August 26, 2021
Imagine this exchange between a nonprofit CEO and a strategy consultant:
CEO: “We need a strategic plan.”
Consultant: “Why do you need one now?”
CEO: “Because our current one expires at the end of the year.”
Let’s unpack this.
First, strategy does not come with an expiration date. Nor is progress toward a strategic vision always linear. Specific strategic initiatives may stall at times and accelerate other times. But there is no finish line when it comes to creating the most mission impact in the most sustainable manner.
Implementation plans, however, are created to expire. Some expire because all the tasks have been completed. Other plans expire as soon as they see the light of day because of unexpected changes in circumstances. In the words of Mike Tyson, the flight plan goes out the window the first time your opponent hits you in the mouth. Either way, it is important to recognize the difference between visioning and planning.
Second, strategic progress does not adhere to arbitrary planning cycles. Just because your current “plan” has a three-year time horizon does not mean that strategic progress will adhere to that arbitrary timeline. In fact, it is possible to accomplish everything on the plan and have no discernable progress toward the strategic vision that drove the planning.
If not the passing of time or internal cycles, what should drive formal strategic planning for nonprofits? The answer is that the focus and timing of formal strategic planning depends on the lifecycle stage of your organization.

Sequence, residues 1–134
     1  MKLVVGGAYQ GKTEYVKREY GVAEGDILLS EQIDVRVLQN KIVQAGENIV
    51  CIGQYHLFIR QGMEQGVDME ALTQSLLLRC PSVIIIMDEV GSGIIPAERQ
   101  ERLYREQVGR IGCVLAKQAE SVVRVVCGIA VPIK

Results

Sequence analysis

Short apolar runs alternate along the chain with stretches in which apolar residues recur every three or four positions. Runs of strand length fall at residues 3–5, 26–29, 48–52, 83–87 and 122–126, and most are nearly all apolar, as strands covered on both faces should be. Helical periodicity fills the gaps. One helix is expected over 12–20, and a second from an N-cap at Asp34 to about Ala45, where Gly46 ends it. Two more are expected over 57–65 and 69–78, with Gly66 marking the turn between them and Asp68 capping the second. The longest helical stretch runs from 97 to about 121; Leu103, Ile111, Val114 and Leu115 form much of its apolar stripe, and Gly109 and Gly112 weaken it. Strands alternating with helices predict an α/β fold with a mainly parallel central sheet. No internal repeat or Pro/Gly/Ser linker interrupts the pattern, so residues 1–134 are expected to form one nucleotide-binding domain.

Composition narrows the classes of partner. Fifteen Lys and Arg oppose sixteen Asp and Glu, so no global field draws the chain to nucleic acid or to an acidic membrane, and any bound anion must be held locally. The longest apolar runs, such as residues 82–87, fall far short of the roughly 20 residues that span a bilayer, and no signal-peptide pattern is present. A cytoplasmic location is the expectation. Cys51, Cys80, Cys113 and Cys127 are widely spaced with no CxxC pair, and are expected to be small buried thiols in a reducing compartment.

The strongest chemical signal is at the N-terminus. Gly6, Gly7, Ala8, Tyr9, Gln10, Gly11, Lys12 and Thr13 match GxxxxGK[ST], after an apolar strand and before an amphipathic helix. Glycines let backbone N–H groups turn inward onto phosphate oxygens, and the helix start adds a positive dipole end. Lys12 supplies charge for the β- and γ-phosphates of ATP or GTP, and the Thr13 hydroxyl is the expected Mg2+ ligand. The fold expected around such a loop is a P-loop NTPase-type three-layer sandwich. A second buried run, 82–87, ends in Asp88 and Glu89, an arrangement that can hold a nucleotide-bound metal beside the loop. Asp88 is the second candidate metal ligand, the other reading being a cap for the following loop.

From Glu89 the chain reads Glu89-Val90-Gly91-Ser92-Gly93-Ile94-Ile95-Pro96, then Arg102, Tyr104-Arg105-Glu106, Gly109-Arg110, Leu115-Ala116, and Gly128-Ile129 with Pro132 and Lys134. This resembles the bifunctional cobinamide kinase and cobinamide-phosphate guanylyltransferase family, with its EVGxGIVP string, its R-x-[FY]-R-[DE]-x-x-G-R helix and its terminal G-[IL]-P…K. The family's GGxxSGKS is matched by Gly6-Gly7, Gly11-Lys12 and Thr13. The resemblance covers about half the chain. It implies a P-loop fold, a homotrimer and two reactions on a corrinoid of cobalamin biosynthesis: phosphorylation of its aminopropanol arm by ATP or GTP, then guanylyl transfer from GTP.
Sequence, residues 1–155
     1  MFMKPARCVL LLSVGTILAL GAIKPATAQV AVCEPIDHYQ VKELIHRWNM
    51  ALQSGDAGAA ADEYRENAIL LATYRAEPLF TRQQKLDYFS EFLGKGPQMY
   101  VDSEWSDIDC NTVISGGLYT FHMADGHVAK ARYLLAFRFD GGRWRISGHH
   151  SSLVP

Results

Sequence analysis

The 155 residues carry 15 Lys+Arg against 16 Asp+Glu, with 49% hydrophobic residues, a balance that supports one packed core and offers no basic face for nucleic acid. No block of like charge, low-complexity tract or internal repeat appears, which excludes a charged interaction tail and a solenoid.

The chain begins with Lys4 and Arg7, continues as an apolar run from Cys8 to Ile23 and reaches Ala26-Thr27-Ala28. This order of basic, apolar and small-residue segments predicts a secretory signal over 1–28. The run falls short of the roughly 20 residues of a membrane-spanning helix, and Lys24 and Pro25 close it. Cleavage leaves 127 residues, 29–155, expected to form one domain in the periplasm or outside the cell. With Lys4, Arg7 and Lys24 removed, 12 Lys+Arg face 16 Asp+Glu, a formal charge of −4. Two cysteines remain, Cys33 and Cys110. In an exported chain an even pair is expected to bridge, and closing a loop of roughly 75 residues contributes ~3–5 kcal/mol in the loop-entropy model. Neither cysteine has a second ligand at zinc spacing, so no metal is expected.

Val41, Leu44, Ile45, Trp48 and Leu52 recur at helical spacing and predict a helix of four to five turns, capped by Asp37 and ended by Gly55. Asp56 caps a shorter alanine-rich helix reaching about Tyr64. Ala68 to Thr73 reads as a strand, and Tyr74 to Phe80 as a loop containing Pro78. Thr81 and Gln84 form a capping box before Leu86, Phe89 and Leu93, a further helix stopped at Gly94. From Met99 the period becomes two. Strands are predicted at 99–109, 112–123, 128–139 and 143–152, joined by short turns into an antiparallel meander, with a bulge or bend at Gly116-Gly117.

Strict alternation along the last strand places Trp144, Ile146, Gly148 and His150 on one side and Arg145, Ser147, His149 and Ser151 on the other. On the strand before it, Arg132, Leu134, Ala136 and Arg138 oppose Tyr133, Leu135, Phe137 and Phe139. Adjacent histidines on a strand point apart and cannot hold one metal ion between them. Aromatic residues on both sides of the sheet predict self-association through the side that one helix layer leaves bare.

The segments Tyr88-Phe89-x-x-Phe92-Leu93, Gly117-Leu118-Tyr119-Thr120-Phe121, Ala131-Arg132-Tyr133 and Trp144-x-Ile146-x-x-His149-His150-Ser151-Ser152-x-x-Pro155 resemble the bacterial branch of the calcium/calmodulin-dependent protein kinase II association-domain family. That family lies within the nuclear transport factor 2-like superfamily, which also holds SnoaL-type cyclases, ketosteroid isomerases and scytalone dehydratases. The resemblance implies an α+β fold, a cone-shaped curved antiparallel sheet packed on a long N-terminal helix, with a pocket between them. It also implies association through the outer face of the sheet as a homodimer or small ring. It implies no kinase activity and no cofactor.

Like humans, nonprofits advance through various stages of development (my go-to resource is Nonprofit Lifecycles: Stage-Based Wisdom for Nonprofit Capacity, by Susan Kenny Stevens). Advancement from one stage to the next is marked by the achievement of specific milestones. For example, a startup nonprofit that has reached full and quality implementation of its program model now faces a different set of questions that will help it manage growth. From there, the strategic focus is on finding equilibrium between aspirations, demand, and resources. Building on this foundation, the strategy of a mature organization is driven by long-term sustainability of key programs and services.
In short, the strategic needs of a nonprofit differ by organizational lifecycle. Achieving one set of strategic milestones introduces a new set of considerations that must be addressed to continue in its development. These milestone achievements are one indication that formal strategic planning may be in order.
But as we know, life doesn’t always unfold so smoothly or predictably. Progress toward strategic milestones sometimes is disrupted by unexpected circumstances. For example, an organization in the growth phase may lose a major funding source that forces it to make deep cuts in program budgets. Or a mature organization may need to undertake a major facilities renovation or risk losing client referrals. These disruptors are another indication that a formal strategy process is necessary.
An infographic showing organizational movement through the various phases of strategy, along with includes a list of milestones and sample disruptors for each phase, is available at strategybystone.com. Click on Resource Library and then Infographics.
Need Additional Assistance?
If you are interested in going deeper into your nonprofit strategy or if you wish to review your organizational strategy more
broadly, click the link below to schedule a 30-minute phone or zoom consultation with Mike Stone.
Sign up to stay connected